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Moscow Boasts That It Has The World's Biggest Ice Rink


Let's go to Russia now, a country that is crazy about ice skating. In the wintertime, ice rinks appear all over Moscow, on Red Square, in Gorky Park, even in a subway station. The city also boasts that it has the world's biggest ice rink, which NPR's Lucian Kim recently visited.

LUCIAN KIM, BYLINE: It's Friday evening in northern Moscow, and an instructor is calling skaters to a lesson in ice dancing.

UNIDENTIFIED MAN: (Shouting in Russian).

KIM: This is the Vystavka Dostizheniy Narodnogo Khozyaystva, or Exhibition of Economic Achievements, which opened in 1939. You can picture it a bit like the Mall in Washington if it were frozen over and turned into a giant ice rink every winter.

The central avenue is lined with pavilions. Some are dedicated to former Soviet republics, others to industries, like the food processing industry or the Russian space program. Skaters - they start way down there at the Friendship Fountain and can skate for more than a quarter of a mile, ending at the Pavilion of Agriculture.

Like all of Moscow's parks, this one has suffered decades of neglect and is now undergoing a major upgrade.

YULIA DAVYDOVA: (Speaking Russian).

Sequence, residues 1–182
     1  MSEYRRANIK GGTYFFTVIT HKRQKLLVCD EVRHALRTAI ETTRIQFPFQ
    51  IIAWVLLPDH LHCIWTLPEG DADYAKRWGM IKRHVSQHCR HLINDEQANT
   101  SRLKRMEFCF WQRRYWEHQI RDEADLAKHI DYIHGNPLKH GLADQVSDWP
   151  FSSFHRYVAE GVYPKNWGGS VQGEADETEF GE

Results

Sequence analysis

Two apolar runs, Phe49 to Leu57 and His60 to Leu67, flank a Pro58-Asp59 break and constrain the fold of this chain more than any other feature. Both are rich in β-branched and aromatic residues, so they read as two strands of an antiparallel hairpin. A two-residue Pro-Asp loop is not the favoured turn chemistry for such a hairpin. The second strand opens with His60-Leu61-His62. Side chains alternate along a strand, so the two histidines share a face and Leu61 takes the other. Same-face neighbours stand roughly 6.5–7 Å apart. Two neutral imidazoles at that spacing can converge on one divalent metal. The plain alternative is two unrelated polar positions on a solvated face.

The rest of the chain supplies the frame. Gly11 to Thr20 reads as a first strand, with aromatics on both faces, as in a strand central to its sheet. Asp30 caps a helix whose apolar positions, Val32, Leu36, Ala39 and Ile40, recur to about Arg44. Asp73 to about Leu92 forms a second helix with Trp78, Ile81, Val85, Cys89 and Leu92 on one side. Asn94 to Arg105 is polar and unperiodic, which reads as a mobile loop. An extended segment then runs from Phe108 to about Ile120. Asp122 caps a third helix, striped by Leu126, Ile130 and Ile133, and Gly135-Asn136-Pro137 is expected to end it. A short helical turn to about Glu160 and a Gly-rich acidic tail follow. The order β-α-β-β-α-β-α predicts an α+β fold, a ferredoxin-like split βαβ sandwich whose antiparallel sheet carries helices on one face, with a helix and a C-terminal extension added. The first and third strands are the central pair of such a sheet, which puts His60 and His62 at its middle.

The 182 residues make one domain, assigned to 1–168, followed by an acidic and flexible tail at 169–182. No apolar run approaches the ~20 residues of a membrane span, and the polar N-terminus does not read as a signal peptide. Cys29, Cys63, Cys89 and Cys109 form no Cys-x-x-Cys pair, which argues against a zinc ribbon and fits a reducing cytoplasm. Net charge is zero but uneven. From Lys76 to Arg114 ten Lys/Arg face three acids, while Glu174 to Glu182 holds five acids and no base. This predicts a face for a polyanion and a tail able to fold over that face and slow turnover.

KIM: That's Yulia Davydova who works for the park management. She says the goal is to turn the park into one of Russia's major tourist attractions. The vast ice rink is certainly helping. Over the holidays, it attracts up to 25,000 visitors a day. I meet skaters from Israel and China and across Russia.


KIM: Yevgeniya Georgisyan says she came especially from Voronezh 300 miles south of Moscow to check out the ice rink. It's also her niece's first birthday. She's all bundled up and sleeping in a baby carriage. The baby's mother, Yuliana Galits, is wearing a fur coat, helmet and kneepads.

YULIANA GALITS: (Speaking Russian).

KIM: "I want my baby to skate better than anybody else," she says. Of course, it's never too late to start. President Vladimir Putin only began skating at age 59. And now, he's shooting goals in Russia's amateur NHL, the Night Hockey League. I talk to Seva Kurkov, a Moscow lawyer who learned how to skate in his 20s.

SEVA KURKOV: (Speaking Russian).

KIM: "Our presidents should set an example for their citizens," he says.

KURKOV: (Speaking Russian).

KIM: "Does President Trump skate," he asked me, to which I can only say, I don't think so. I ask Yelena Yedinak, a 56-year-old sales manager, why Russians love to skate so much.

YELENA YEDINAK: (Speaking Russian).

KIM: She says skating produces a blast of endorphins, which is especially welcome during dark winter days. Tanya Kareva, who's skating with her 8-year-old daughter, has a simpler explanation.

TANYA KAREVA: (Speaking Russian).

KIM: "It's never cold when you're skating," she says, "and that's why it's such a positive sport." Then she asks me.

KAREVA: (Speaking Russian).

KIM: (Speaking Russian).

"Why aren't you on skates?" I don't know how, I answer. "Well, you have to learn," she says. Lucian Kim, NPR News, Moscow. Transcript provided by NPR, Copyright NPR.

Lucian Kim is NPR's international correspondent based in Moscow. He has been reporting on Europe and the former Soviet Union for the past two decades.